The query plan is nearly identical – all of the magic is hidden in the Compute Scalar operators anyway:

Gotta make you understand

But our improved CTE runs in just 350 ms. Not quite as blazingly fast as the STRING_SPLIT(), and certainly not as intuitive to read, but it’s backward compatible for older SQL Server versions, and we don’t have to rely on unsupported quirks of the database engine.

Edit: Paul White’s take

T-SQL performance tuning guru Paul White actually took a stab at this problem after I published my post, and he went with a more procedural approach, which turns out to perform quite impressively:

-- No plans or row count messages
SET STATISTICS XML OFF;
SET NOCOUNT ON;

--- Get the source code
DECLARE @source nvarchar(max)=(
    SELECT REPLACE([definition], NCHAR(13)+NCHAR(10), NCHAR(13))
    FROM sys.sql_modules
    WHERE [object_id]=OBJECT_ID('dbo.sp_Blitz'));

-- Text to find
DECLARE 
    @find nvarchar(128) = N'test';

-- Working variables
DECLARE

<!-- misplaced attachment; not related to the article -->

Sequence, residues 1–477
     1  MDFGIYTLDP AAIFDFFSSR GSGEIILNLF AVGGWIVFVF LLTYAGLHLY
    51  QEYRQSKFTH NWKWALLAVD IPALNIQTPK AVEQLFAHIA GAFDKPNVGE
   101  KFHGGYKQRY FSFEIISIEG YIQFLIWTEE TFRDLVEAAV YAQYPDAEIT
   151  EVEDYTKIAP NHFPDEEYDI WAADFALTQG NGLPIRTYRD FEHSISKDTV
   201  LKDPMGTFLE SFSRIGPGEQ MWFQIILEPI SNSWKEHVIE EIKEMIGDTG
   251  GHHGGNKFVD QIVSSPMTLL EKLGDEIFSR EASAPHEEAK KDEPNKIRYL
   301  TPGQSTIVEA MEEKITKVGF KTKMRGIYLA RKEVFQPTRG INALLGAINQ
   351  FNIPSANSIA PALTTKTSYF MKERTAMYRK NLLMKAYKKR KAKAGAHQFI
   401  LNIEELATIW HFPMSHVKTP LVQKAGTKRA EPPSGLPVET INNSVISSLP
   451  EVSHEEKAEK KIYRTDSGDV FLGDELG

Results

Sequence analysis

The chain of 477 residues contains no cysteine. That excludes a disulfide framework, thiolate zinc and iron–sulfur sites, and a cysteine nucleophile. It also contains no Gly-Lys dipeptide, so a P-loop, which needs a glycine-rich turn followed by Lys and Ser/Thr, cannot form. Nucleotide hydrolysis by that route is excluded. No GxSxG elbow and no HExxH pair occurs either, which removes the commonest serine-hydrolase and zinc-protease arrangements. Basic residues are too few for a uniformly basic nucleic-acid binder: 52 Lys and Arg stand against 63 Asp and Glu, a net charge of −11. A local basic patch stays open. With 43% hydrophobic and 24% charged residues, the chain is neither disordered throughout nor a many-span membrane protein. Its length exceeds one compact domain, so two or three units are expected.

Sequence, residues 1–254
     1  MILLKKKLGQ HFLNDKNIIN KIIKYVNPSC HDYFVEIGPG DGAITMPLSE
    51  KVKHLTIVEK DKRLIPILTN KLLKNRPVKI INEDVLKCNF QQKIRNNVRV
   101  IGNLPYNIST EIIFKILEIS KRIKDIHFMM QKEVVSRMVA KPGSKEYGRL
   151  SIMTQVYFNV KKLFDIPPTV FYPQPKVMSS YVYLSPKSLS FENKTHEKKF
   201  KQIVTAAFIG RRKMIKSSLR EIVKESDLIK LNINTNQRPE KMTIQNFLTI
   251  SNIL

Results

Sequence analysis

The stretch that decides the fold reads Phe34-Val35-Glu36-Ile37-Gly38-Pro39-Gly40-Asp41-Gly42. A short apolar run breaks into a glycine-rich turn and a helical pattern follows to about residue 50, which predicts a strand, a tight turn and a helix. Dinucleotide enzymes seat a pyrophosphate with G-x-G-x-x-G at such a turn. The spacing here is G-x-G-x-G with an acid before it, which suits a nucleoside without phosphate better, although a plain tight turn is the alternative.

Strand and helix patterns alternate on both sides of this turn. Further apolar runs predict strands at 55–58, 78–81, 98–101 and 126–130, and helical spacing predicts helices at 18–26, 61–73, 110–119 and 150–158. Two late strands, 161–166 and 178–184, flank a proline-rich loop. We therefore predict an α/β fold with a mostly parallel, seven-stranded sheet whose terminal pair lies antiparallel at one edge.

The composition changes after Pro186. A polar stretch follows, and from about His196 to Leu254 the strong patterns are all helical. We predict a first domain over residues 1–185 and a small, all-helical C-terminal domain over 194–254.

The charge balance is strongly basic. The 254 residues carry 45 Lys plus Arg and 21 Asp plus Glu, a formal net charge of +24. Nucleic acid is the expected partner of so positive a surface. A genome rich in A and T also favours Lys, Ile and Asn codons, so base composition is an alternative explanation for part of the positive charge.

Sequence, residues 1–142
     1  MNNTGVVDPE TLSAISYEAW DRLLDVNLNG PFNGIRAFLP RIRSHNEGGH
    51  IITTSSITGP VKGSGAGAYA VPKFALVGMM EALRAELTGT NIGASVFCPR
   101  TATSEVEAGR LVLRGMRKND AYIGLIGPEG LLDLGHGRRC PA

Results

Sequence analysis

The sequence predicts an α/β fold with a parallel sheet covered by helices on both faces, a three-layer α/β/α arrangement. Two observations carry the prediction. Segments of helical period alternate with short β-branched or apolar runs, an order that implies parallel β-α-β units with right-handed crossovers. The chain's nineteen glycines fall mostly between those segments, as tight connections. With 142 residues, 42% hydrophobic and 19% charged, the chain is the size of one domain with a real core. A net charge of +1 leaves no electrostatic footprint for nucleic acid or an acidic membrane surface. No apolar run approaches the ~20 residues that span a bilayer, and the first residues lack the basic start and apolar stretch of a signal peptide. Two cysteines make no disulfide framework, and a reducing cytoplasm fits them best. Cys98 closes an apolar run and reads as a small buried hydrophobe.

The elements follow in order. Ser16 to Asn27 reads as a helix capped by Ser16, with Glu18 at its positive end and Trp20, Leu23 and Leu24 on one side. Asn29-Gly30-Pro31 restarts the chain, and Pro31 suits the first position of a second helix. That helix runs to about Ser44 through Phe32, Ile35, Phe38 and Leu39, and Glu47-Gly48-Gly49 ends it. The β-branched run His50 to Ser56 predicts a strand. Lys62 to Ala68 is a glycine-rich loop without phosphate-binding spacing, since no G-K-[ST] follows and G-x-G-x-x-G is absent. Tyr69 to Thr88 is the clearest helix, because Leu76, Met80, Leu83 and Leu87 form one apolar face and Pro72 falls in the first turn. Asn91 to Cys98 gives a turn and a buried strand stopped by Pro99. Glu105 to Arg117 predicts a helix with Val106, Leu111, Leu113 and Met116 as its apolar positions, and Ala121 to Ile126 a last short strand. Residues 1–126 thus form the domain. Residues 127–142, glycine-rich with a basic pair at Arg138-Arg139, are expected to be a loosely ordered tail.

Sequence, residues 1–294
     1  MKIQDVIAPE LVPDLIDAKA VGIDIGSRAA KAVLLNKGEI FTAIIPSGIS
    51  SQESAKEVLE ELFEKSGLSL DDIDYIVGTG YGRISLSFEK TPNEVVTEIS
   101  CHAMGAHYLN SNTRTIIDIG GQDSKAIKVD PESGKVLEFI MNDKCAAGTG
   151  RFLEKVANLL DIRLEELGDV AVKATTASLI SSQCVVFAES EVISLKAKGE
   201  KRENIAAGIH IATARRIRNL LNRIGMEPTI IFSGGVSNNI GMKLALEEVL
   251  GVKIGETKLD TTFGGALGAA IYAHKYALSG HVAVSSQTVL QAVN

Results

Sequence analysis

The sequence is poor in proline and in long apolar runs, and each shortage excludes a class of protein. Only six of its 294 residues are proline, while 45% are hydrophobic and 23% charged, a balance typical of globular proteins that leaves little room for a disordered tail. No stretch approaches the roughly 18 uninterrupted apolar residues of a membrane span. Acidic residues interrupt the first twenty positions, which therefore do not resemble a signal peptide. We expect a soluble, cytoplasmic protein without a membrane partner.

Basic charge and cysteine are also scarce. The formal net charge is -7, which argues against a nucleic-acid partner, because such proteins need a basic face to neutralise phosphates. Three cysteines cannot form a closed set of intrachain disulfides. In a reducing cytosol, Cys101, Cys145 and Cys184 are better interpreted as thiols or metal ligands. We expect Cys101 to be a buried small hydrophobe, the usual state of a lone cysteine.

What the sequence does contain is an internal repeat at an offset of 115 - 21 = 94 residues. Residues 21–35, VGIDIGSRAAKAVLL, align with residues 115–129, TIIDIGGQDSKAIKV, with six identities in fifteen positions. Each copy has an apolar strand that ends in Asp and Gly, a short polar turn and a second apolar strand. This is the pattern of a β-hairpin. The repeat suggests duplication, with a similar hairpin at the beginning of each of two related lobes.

@find_len bigint = LEN(@find),
    @line_num bigint = 0,
    @line_start bigint = 0,
    @line_end bigint = 0,
    @match_pos bigint = 0;

-- Lines with matches
DECLARE @MatchLines table (
    line bigint PRIMARY KEY,
    line_start bigint NOT NULL,
    line_length bigint NOT NULL);

-- Find first match position
SET @match_pos = CHARINDEX(@find, @source);

WHILE @match_pos > 0
BEGIN
    -- Count lines and find start/end points
    WHILE @line_end < @match_pos
    BEGIN
        SELECT
            @line_start = @line_end + 1,
            @line_end = CHARINDEX(
                NCHAR(13), 
                @source COLLATE Latin1_General_100_BIN2, 
                @line_start),
            @line_num += 1;

        -- No more lines
        IF @line_end = 0 SET @line_end = 2147483647;
    END;

    -- Record information about this match line
    INSERT @MatchLines 
        (line, line_start, line_length)
    VALUES 
        (@line_num, @line_start, @line_end - @line_start);